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Fender Agrees to Pay Record Fine for U.K. Price Fixing

Guitar maker Fender has been fined £4.5 million ($5.9 million) for breaking British competition law.

LONDON — Guitar maker Fender has been fined £4.5 million ($5.9 million) for breaking British competition law.

The fine is the largest ever imposed by the U.K.’s Competition and Markets Authority (CMA) for price fixing, or what it terms as “resale price maintenance.”

In Fender’s case, the company admitted breaking British competition law by restricting retailers from offering online discounts and requiring stores to sell its guitars at or above a minimum price between 2013 and 2018.

Such restrictions are illegal in the U.K. as they prevent customers from getting the best price for a product, in this case a Fender guitar, as all retailers sell them at the same price.

During the course of its investigation, the CMA found that Fender Europe employees deliberately tried to cover up their actions by recording as little as possible in writing.


Proof of illegal activity came in the form of emails and texts that CMA recovered from Fender’s IT servers and mobile phones.

Last August, the authority fined Casio £3.7 million ($4.8 million) for similar practices relating to the sale of its keyboards and digital pianos.

Like Casio, Fender co-operated with the CMA’s investigation in return for a reduced fine. The maximum fine the CMA could have imposed on Fender was 10% of global sales.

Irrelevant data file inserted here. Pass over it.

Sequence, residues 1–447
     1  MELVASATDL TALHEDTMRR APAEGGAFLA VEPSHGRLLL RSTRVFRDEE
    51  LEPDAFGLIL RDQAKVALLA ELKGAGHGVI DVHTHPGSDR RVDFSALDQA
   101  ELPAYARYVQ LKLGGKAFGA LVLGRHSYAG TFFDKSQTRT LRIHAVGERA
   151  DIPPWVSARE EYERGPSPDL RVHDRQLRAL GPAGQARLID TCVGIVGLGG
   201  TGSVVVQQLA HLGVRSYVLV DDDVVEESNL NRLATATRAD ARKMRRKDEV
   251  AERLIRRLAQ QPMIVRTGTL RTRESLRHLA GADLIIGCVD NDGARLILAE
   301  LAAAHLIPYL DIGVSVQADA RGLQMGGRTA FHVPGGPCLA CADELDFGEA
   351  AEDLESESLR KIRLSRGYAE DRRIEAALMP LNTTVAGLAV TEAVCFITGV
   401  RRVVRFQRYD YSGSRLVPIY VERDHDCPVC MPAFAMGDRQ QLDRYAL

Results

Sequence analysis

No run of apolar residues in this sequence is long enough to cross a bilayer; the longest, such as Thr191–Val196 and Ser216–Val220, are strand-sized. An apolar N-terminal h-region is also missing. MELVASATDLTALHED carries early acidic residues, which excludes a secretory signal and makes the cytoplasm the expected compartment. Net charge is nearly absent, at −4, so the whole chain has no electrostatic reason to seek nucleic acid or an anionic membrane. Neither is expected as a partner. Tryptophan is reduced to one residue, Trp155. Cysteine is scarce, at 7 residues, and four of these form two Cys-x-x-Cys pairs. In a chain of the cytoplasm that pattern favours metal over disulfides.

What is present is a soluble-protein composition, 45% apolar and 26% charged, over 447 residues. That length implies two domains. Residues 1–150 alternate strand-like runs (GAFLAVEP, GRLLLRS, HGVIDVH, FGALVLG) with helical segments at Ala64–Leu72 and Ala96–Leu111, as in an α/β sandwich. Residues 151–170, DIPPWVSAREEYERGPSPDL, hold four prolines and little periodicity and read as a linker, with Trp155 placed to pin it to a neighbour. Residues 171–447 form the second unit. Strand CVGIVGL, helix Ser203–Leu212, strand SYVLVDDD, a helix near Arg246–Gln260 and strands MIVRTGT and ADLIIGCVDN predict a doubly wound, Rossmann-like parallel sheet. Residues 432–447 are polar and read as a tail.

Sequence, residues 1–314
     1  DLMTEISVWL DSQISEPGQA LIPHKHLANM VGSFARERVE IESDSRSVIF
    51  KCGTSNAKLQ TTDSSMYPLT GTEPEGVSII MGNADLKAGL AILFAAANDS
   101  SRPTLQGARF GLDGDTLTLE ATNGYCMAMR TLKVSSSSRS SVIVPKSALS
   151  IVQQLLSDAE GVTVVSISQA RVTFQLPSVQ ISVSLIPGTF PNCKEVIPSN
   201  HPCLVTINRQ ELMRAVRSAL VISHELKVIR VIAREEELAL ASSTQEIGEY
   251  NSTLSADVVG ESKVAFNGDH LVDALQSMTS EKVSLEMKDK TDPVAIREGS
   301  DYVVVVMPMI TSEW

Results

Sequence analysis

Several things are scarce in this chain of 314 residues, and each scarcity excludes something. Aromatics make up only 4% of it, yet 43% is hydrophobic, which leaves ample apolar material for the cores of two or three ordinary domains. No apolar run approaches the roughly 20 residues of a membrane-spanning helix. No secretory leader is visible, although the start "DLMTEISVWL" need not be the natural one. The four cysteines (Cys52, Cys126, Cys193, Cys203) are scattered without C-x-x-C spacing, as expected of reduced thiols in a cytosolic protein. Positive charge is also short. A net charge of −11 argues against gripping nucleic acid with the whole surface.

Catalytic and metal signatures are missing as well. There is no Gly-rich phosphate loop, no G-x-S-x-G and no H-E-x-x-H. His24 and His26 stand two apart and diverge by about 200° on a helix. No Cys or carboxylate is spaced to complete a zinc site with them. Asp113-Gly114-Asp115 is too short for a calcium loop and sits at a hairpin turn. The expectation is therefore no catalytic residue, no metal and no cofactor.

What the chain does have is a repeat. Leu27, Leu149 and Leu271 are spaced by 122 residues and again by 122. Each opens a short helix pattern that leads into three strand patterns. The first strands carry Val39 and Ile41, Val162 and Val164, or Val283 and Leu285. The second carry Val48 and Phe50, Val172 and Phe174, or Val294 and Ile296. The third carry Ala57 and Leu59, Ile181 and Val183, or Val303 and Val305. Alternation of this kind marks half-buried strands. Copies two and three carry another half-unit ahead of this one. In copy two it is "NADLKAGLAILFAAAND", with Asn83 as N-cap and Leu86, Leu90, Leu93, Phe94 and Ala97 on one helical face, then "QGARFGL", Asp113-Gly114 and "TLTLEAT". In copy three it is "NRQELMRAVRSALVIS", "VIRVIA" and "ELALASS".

According to the CMA, music instrument sales are worth around £440 million ($576 million) in the U.K. each year, with guitars accounting for a large proportion of instruments sold.

Online sales account for around 40% of all sales, says the CMA, making it “absolutely essential that companies do not prevent people from being able to shop around to buy their products at the best possible price,” said CMA chief executive Andrea Coscelli.

“This is especially important for expensive and popular items like guitars, and so Fender’s actions could have had a big impact on customers. Quite simply, this behaviour is against the law,” said the chief exec.


He warned that the large fines imposed on Casio and Fender “should be a lesson to this industry and any other company considering illegal behaviour.”

“Break competition law,” said Coscelli, “and you will face serious consequences.”

In a statement, Fender said its conduct had fallen “well below the highest standards we set ourselves and this is a matter of deep regret.”

The company said that as a result of the investigation, it had taken “additional steps to enhance our compliance procedures” and will “continue to rigorously monitor the business’ adherence to anti-trust and competition laws.”